open book sitting on table

Today we are going to ask ourselves the question, What is machine learning? Machine learning is the concept of training your computer to analyze data for you. But without you having to give explicit instructions for every part of the task. Machine learning consists of datasets that you use to train your models.


In machine learning, a model is your trained machine. You feed your data into your model to train it. Then you feed additional data into your model and evaluate what it outputs. For example. You might create a model for classifying cars. In this model, you feed in various attributes about the car such as weight, horsepower, and a number of seats. The model then predicts what class of vehicle it is, as a car, truck, or van. This model is really the whole point of machine learning.

There are many different kinds of machine learning models. And the kind that you use depends on what you are attempting to do. For example: If you are trying to predict something such as stock price, you will want to use some sort of regression model. If you are trying to identify objects, you will want to use a Classification model.


The most important part when talking machine learning is having a good dataset to train your model with. The more high-quality data you have to train your machine learning algorithm with, the more accurate the results. If you put junk into your model, you will get junk out of your model.

Your Dataset is simply the data that you input into your model. Again going back to the car classifying robot, you might have a table showing all of the attributes about a car. This is your dataset.

One thing to keep in mind about datasets is machine learning models usually only take vector input, not text input. So when looking at your dataset, you will need to evaluate how you can convert your dataset into vectors (numbers) so you can feed the dataset into your algorithm. For a good example of converting a dataset into vectors, check out the classifying cars article.


Depending on the type of model you are trying to build, you will choose different methods for training your model. The main training types for models are:

  • Supervised Learning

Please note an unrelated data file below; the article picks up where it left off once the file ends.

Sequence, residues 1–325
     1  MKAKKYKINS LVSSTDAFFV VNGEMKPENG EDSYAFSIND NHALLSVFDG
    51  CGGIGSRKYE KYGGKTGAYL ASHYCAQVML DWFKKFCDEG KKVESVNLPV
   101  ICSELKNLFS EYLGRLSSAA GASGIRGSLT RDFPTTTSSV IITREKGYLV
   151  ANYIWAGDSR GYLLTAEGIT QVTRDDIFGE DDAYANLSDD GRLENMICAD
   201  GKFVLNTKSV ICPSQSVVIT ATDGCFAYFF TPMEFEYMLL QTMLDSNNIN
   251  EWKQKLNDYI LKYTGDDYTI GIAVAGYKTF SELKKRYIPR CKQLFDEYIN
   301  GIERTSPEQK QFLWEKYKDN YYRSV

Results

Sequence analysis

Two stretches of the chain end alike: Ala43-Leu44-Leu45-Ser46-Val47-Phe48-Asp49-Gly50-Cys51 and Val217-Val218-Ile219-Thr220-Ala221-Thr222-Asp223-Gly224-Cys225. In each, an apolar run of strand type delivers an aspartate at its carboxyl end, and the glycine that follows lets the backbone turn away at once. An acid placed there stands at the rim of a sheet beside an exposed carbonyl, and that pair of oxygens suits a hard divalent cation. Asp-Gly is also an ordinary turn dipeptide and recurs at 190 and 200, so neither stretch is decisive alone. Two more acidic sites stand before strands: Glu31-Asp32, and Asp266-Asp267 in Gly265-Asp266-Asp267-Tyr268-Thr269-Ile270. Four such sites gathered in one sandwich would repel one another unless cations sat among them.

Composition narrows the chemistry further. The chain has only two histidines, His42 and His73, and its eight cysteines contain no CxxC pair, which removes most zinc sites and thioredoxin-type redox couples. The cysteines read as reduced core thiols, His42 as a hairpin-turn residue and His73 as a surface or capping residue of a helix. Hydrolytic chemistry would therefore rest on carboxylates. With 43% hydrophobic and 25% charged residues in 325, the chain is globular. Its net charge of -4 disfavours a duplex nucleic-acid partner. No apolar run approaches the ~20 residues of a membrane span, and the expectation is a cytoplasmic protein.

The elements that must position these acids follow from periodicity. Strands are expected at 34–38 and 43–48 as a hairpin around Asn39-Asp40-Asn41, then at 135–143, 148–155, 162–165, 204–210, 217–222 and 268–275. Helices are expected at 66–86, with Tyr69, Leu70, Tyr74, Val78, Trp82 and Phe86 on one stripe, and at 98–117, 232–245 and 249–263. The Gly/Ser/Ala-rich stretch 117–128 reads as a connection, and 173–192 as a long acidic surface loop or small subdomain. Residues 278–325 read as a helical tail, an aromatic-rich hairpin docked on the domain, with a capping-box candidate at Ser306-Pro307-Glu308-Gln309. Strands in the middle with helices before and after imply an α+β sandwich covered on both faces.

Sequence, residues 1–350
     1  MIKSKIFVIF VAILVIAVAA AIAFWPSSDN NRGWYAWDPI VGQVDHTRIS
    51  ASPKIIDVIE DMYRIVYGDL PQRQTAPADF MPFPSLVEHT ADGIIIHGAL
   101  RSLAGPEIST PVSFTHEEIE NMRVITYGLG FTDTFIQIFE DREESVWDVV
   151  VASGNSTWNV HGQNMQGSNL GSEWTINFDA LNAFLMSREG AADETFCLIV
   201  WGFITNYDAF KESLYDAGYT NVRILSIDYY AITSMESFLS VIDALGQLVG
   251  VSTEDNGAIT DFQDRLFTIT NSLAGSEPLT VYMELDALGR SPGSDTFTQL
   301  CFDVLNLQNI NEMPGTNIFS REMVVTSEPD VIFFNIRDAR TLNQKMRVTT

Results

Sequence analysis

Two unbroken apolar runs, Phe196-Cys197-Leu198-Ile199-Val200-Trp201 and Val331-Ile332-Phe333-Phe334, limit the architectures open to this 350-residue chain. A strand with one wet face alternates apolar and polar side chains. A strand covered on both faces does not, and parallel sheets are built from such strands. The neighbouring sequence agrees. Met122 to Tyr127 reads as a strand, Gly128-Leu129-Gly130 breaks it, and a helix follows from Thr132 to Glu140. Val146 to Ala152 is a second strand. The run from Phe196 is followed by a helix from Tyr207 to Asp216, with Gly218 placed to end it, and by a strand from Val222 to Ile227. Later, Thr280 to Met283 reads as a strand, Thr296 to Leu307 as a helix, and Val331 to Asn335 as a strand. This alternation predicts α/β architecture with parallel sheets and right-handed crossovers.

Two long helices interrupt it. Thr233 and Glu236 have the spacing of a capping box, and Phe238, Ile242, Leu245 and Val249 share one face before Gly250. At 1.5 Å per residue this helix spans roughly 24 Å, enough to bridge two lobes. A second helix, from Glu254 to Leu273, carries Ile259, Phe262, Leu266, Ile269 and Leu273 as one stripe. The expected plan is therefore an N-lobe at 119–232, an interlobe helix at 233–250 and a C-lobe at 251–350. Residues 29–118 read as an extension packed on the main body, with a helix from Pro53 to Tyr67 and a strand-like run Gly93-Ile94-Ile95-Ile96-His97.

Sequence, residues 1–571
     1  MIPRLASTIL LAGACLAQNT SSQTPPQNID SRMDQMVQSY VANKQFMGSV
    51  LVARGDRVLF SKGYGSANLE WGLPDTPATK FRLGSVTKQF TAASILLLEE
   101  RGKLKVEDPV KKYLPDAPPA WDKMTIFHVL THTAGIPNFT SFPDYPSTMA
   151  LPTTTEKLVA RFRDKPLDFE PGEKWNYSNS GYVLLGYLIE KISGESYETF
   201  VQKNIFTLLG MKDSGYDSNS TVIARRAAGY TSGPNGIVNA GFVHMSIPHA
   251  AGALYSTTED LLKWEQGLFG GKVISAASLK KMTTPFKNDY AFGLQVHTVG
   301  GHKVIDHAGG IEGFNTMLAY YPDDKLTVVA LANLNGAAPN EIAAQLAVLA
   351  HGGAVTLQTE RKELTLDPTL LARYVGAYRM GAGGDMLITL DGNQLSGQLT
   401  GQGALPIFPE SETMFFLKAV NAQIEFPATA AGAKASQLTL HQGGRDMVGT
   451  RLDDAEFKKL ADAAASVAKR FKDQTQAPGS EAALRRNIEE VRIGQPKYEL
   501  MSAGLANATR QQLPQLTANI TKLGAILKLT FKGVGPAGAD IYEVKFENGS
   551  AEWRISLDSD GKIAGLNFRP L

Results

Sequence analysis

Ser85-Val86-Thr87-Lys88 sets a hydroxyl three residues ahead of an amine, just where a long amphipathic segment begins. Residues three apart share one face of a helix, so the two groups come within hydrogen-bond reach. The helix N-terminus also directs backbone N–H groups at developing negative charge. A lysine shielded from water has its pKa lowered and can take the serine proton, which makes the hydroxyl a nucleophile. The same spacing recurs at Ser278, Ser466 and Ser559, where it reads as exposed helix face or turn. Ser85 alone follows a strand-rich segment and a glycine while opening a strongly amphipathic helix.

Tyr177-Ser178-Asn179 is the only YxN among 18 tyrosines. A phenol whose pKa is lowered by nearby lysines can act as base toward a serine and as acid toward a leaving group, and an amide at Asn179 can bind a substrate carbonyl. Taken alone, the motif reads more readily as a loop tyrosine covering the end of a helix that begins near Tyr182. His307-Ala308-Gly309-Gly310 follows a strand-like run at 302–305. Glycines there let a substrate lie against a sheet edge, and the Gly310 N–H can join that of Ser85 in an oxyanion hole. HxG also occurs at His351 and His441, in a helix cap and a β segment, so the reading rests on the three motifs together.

• Un-Supervised Learning
  • Reinforcement Learning

In Supervised Learning, we take a dataset that is already structured and labeled. We then pass the dataset to our machine learning algorithm to train it. This is the kind of training we used in the cars example from earlier.

In Unsupervised Learning, we take a bunch of unstructured data that is not yet labeled, and pass it to our algorithm and see if it can make sense of it. Don Hebb made the statement “When neurons fire together, they wire together”. This logic explains how unsupervised learning works with clustering. As you pass in various vectors over time, they will begin to form groups based on the combinations of the vectors you input.

Reinforcement Learning is when you take the output of your neural network, then feedback input to reinforce whether the previous action our output was correct. The neural network then makes adjustments and tries again. For example, you might write an algorithm for navigating a maze. You after each step forward, you feedback whether or not you ran into a wall. When you run into a wall, you mark that as a bad path. When you do not, you mark it as a good path.

What are Neurons?

In animals, neurons are small interconnected particles that together form your brain. As you learn things, some neuron connections get stronger, while others grow weaker.

In Machine learning, neurons are more of a conceptual part of a complex statistical equation. each input for the neural network is considered a neuron. Each output for the neural network is also a neuron. You then have one or more “hidden” layers of neurons that interconnect the input and output neurons.

As you feed more input into your model the relationships between different neurons strengthen, while others weaken. The strengthening the link between neurons is really just an adjustment to a statistical formula in the background. But because of the way the calculations are structured, you end up with something very powerful. We will go into this in more detail when we publish our article on deep neural networks.